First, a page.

The Department of Energy's research programs also get an 18% cut in research, potentially affecting basic physics research, high energy physics, fusion research, and supercomputing. Advanced Research Projects Agency (ARPA-E) gets the ax, as does the Advanced Technology Vehicle Manufacturing Program which enabled Tesla to manufacture its Model S sedan.

EPA loses all climate research funding, and about half the research funding targeted at human health impacts of pollution. The EnergyStar program is eliminated Superfund funding is drastically reduced. The Chesapeake Bay and Great Lakes cleanup programs are also eliminated, as is all screening of pesticides for endocrine disruption.

In the Department of Commerce, Sea Grant is eliminated, along with all coastal zone research funding. Existing weather satellites GOES and JPSS continue funding, but JPSS-3 and -4 appear to be getting the ax. Support for transfer of federally funded research and technology to small and mid-sized manufacturers is eliminated.

NASA gets a slight trim, and a new focus on deep space exploration paid for by an elimination of Earth Science programs.

You can read more about this "blueprint" in Nature, Science, and the Washington Post, which broke the story.

Comment Re:So the question is... (Score 4, Informative) 99

I don't think flying ~500 miles away equates to a deer running scared from a sound in the woods. If this is the same story I saw yesterday, the birds in question had just settled in after a migration flight of 3000 miles or so total. After one or two days back they up and flew ~500 miles away, then came right back to the same spot. This is way more specific than most tales you hear of animals getting away from natural disasters. It's worth looking into for exactly the reason you said, "if someone actually predicted a natural disaster by using animal behaviour, that might be interesting." Thus why it's a news story at all.

Comment Re:Proudly Presented By (Score 1) 41

When you're talking about a projected image, those things are not automatically linked. If you have an image up on your computer screen you can touch the screen, but you can't feel anything to let you know one image from another. You feel the screen, not the image. With 3d projections you can have the same problem, and that's where this comes in.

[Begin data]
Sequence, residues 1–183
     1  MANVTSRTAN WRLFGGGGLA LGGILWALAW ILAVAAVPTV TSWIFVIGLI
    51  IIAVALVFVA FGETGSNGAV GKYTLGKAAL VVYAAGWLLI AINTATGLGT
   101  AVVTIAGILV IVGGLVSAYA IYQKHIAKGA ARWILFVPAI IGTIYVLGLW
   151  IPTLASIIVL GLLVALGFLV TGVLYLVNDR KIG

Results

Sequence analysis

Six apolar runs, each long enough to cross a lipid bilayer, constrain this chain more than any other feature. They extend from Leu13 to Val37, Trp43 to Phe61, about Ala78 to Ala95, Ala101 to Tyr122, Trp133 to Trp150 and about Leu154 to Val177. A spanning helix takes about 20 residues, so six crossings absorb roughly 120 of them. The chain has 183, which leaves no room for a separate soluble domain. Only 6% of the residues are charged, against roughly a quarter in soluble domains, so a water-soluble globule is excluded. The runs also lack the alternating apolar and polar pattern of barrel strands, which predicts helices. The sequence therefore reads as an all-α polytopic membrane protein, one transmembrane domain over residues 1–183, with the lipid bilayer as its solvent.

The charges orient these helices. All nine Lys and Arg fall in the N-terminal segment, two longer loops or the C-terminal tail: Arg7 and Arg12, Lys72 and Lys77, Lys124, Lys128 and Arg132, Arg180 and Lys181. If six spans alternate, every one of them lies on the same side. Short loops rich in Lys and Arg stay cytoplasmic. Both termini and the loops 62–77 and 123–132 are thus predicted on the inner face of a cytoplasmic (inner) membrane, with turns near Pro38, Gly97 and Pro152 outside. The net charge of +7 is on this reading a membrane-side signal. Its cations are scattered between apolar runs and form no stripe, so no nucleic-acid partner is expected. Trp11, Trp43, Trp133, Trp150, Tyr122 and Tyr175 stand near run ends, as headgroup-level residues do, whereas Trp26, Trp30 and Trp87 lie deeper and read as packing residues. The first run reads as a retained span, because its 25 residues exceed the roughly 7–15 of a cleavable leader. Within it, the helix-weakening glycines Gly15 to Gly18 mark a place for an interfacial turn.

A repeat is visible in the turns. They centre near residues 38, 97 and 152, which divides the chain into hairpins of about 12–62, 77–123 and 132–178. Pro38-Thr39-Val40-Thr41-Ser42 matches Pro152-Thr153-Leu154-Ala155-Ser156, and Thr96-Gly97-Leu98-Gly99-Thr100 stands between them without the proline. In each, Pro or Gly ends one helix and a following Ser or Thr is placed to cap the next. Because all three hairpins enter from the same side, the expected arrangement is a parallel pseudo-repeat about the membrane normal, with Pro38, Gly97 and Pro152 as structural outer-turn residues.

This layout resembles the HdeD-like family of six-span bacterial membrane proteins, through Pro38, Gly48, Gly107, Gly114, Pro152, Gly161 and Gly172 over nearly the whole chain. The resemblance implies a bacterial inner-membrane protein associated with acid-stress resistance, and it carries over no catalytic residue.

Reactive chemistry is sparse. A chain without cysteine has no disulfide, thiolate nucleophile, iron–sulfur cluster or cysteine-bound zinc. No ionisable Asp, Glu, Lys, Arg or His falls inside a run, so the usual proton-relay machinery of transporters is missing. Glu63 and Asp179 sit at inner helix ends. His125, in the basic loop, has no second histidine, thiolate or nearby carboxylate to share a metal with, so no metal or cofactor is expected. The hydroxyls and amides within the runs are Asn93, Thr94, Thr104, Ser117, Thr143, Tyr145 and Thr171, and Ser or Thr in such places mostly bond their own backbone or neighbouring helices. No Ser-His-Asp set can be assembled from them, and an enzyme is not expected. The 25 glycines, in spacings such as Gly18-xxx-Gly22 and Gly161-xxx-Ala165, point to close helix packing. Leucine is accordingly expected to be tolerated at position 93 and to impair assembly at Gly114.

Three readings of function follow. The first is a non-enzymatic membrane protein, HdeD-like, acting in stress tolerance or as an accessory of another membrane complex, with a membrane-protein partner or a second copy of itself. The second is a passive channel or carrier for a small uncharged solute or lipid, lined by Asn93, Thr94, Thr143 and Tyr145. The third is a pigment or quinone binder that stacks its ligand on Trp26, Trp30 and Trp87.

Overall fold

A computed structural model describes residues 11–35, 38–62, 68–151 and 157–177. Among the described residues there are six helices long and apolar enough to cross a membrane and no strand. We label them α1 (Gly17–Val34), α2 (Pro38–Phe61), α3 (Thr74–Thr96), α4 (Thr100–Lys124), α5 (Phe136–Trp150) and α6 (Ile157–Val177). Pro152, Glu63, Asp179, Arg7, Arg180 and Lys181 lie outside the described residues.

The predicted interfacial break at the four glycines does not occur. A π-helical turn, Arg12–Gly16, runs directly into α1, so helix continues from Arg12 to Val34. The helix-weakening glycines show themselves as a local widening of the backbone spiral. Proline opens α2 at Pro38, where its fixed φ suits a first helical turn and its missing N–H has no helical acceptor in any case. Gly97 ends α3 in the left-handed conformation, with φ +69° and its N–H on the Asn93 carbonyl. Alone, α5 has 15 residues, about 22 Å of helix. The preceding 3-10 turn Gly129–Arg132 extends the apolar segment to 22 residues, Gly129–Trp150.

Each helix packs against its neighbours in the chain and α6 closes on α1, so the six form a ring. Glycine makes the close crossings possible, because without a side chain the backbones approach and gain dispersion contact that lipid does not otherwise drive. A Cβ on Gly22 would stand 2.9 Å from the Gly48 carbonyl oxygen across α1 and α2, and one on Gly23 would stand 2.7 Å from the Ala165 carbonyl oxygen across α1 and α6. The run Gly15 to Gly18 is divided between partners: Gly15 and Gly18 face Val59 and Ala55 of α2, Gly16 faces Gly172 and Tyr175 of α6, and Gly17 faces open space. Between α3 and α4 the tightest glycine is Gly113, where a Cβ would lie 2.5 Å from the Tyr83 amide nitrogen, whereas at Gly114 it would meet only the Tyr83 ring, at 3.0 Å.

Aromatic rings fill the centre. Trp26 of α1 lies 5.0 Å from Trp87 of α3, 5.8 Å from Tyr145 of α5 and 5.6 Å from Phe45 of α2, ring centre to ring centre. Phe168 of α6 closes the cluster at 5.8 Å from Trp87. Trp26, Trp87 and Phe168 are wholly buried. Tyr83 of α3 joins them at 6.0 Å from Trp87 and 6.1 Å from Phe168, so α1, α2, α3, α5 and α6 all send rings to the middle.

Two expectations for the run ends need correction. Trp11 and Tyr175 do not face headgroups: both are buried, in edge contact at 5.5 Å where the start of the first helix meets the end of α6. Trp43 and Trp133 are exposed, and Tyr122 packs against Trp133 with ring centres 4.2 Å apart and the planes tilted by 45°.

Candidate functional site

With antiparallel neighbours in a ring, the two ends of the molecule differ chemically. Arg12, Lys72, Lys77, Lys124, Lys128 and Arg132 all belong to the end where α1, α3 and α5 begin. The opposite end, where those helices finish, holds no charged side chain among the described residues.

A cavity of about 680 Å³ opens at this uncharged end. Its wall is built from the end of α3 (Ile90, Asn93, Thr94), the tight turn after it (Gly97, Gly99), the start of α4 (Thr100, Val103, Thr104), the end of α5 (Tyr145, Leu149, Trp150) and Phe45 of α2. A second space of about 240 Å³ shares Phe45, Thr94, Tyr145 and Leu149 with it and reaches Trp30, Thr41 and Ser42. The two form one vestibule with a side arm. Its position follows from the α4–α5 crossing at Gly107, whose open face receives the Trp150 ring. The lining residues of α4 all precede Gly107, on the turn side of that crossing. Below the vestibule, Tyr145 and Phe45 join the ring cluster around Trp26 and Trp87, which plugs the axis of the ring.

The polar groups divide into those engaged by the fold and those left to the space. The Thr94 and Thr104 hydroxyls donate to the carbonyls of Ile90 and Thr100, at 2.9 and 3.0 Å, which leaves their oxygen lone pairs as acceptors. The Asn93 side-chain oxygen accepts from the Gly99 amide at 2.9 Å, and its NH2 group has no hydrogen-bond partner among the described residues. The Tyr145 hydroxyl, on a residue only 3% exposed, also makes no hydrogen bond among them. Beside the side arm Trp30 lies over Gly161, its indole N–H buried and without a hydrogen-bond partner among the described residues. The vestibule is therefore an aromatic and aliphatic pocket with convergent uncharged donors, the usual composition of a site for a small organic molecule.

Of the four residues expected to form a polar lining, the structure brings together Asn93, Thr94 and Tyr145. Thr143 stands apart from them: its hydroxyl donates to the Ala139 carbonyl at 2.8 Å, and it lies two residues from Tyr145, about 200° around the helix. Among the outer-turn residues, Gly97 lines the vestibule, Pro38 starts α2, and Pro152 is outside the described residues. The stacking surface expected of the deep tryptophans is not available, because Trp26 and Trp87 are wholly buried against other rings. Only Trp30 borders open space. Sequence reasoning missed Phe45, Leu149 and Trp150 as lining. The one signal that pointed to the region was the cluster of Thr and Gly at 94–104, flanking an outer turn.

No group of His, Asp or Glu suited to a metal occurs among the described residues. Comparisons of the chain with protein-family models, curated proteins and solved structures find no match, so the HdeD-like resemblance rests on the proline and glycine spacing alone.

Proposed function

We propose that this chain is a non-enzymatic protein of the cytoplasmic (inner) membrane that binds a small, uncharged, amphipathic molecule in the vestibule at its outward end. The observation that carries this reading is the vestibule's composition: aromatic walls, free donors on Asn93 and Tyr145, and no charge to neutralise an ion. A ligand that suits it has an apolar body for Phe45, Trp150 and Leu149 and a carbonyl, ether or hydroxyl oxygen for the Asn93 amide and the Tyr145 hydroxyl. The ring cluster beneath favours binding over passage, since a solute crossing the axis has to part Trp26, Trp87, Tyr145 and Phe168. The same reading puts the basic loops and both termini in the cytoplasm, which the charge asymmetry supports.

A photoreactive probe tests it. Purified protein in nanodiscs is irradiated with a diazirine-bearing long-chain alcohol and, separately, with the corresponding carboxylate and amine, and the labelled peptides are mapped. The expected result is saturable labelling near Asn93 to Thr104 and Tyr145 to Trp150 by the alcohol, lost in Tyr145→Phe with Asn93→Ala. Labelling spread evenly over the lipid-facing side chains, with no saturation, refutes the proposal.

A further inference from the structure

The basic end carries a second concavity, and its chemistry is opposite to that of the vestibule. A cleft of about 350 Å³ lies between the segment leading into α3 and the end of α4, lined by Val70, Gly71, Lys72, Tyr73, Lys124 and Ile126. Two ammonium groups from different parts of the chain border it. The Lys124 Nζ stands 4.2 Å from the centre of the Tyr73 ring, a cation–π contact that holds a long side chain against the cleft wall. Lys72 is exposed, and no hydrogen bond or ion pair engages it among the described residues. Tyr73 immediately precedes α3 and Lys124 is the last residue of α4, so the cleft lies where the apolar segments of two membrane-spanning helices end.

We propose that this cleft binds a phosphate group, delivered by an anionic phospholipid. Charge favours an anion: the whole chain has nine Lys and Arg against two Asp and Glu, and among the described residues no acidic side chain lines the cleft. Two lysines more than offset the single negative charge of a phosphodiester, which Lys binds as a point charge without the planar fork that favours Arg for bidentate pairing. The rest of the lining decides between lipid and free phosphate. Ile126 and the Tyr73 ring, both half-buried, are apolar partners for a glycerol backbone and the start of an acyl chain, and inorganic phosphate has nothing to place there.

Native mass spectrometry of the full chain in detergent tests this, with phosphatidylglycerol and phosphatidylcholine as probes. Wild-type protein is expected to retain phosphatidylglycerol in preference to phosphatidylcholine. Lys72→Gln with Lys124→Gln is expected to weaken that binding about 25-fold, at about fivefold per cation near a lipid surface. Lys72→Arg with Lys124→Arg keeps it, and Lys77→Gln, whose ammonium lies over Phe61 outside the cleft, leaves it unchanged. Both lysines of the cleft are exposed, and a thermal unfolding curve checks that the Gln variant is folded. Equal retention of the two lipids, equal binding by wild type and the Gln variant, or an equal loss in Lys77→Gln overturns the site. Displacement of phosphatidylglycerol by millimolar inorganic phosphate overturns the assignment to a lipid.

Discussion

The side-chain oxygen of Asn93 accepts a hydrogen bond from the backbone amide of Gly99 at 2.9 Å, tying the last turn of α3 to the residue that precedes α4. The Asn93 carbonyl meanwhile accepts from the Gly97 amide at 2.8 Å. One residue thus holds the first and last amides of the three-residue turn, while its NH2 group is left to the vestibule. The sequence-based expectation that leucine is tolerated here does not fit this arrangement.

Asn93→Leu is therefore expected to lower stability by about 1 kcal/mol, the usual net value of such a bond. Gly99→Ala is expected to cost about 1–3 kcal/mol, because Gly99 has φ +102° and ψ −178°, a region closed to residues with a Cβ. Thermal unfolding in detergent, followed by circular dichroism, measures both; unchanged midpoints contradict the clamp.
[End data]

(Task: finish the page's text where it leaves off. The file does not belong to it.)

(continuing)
Comment Re:Reparations for the Innocent (Score 1) 219

Any citizen of the Commonwealth that is accused of a major felony crime by way of an incitement or probable cause hearing by the State, and in which the state subsequently withdraws the complaint (or portion thereof) before trial, the case is dismissed by the court prior to trial OR the citizen is found not guilty of the major felony crime at trial shall be entitled to claim all costs and expenses related to or extending from the trial (including lost income) against the general fund of the commonwealth.

So the super rich are cemented as untouchables in law by the simple fact that any government short of federal isn't going near charges against them with a ten foot pole. And even federal would be up in the air depending on charges. I agree, for nearly all cases the above would be an improvement...but at the same time it would permanently close other doors when it comes to leveling the playing field of the legal system.

Every blanket solution has problems like this, which makes me lean towards case by case solutions. That leads to a "who watches the watchers" kind of argument. I don't think that there can be a real solution without trust, and that trust has been beaten and abused so much that nothing is left. At this point everyone is kind of looking around and thinking, "Yeah, this is screwed up" but has no one to put faith in to fix it. It's a broken system behind a broken system. You have to start at the root of the problem; the people's relation to their government. People need to become more involved and government needs reform. It's a huge system designed specifically to keep sudden change from sweeping through it, which becomes a double edged blade in this case. It's also hard for most people to even grasp the scope of our current government and all of the tangled webs between local, state, and federal.

If you back up even further the problem expands to encompass our entire society. People don't trust people. People fear people. People blame people. People hate people. You have negative reinforcement from all sides. You have cities divided into something akin to war zones. Police are seen as the bad guys more often than not when they step in. Ditto for government. A lot of people just don't care, or pretend not to. Of those that do care, very few make it to a place suitable to making change and of those even less make the trip unscathed.

I've lost my point in the downward spiral, so I'll just end it there.